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One stormy night, my Boy Scout troop was attempting to cook a meal when we came up against an insurmountable obstacle: our camping stove. While it was a cutting-edge model, its instruction manual was also far too complex for a pack of 13-year-olds to figure out. So we sat, cold and hungry — feeling like the stove was useless — until one of the adults, having despaired of teaching us a life lesson, took over. The Penn writing seminar is a little like that stove: it can be a wonderfully effective tool, but only if its applications are made more clear.

When I began talking to students about writing seminars, it was consistently brought up that the program wasn’t teaching anything they could use in the rest of their classes. The seminars’ assignments — 500-word, three-paragraph exercises — are nothing like the multi-page papers that are standard fare for other courses.

College and Engineering junior Robert Hass summed up the feelings of many students. “The course teaches rigid formalisms and it isn’t clear how one should apply this. They teach a particular skill without application,” he said. Nestorian Order is all well and good, but why aren’t writing seminars showing us how to write the papers undergraduates encounter regularly?

Because the scholars and professionals Penn students aspire to be don’t write “papers” in the sense we think of them, said Valerie Ross, director of the Penn Critical Writing Program. Graduate students and scholars write in chunks, which are then integrated into a single piece. These chunks consist of the type of writing taught in the writing seminars. Imagine that instead of writing on a different topic each week, you wrote your exercises as smaller parts of a single larger paper which contained two-reasons and straw-man sections, and you get a better idea of the position to which the writing seminar seeks to bring its learners. This is the way in which academics write papers, with counter-arguments and concession rather than the more rigid positions that most undergraduate papers require students to stake out.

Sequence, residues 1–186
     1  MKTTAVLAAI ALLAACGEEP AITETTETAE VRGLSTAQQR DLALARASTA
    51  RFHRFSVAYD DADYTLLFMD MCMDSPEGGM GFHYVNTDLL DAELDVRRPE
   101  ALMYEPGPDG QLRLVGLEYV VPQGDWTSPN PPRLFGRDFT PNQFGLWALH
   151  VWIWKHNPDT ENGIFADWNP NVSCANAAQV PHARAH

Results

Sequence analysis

Ultimately, the writing seminar’s objective is to teach the rhetoric skills that go into the larger papers students will eventually write. The new research sequences in the seminars have helped make this objective clearer. In these new portions, students work with University specialists to perform close readings of texts, much in the same way graduate students and academics do before they stake a position. This is important because jumping into an ongoing conversation about a text without doing this necessary groundwork is similar to talking about the Phillies pitching lineup with two diehard fans if you’ve never even read Sports Illustrated. You sound — as I can attest from many awkward chats — wholly ignorant and out of place in the conversation.

While writing seminars have distinct and important purposes, the complaints about their applicability are not necessarily meaningless or even wrong. A good set of tools means nothing if people feel the tools are useless, or feel as though they have not been presented with any tools at all. And if people feel they’re not using what they’ve learned, they probably aren’t. To make the most of the writing program, additions should be made so that every Penn student understands the method behind the seeming madness. Beyond the addition of the research sequences, professors should explain how the skills taught in writing seminars will help students write the kind of papers they can expect in graduate school and beyond.

My Boy Scout troop couldn’t figure out how to make the stove work. It took someone with experience to get the best use out of it. The same thing is true of writing seminars; we need to be taught how to use them to get the most out of them.

Sam Bieler is a College sophomore from Ridgewood, N.J. He is a member of the NEC. His e-mail address is Bieler’s Day Off appears on alternate Tuesdays.

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